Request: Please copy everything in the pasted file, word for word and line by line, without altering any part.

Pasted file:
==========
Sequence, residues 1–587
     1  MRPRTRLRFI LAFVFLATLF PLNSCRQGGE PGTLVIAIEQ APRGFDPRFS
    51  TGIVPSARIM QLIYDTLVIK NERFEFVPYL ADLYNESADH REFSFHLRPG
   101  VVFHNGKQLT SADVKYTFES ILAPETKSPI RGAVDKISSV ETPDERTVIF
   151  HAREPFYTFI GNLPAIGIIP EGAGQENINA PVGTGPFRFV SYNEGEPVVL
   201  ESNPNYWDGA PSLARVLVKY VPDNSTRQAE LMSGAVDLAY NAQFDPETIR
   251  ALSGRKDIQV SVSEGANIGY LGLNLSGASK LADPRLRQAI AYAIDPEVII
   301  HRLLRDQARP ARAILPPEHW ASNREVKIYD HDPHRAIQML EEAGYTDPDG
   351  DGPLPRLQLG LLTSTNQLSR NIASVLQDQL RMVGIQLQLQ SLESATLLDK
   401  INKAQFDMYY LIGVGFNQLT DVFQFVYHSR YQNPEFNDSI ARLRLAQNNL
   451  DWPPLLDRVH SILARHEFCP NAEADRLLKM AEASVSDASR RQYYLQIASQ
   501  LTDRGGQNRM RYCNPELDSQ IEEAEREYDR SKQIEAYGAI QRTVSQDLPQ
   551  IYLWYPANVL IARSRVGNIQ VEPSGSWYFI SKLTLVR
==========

Sequence, residues 1–587
     1  MRPRTRLRFI LAFVFLATLF PLNSCRQGGE PGTLVIAIEQ APRGFDPRFS
    51  TGIVPSARIM QLIYDTLVIK NERFEFVPYL ADLYNESADH REFSFHLRPG
   101  VVFHNGKQLT SADVKYTFES ILAPETKSPI RGAVDKISSV ETPDERTVIF
   151  HAREPFYTFI GNLPAIGIIP EGAGQENINA PVGTGPFRFV SYNEGEPVVL
   201  ESNPNYWDGA PSLARVLVKY VPDNSTRQAE LMSGAVDLAY NAQFDPETIR
   251  ALSGRKDIQV SVSEGANIGY LGLNLSGASK LADPRLRQAI AYAIDPEVII
   301  HRLLRDQARP ARAILPPEHW ASNREVKIYD HDPHRAIQML EEAGYTDPDG
   351  DGPLPRLQLG LLTSTNQLSR NIASVLQDQL RMVGIQLQLQ SLESATLLDK
   401  INKAQFDMYY LIGVGFNQLT DVFQFVYHSR YQNPEFNDSI ARLRLAQNNL
   451  DWPPLLDRVH SILARHEFCP NAEADRLLKM AEASVSDASR RQYYLQIASQ
   501  LTDRGGQNRM RYCNPELDSQ IEEAEREYDR SKQIEAYGAI QRTVSQDLPQ
   551  IYLWYPANVL IARSRVGNIQ VEPSGSWYFI SKLTLVR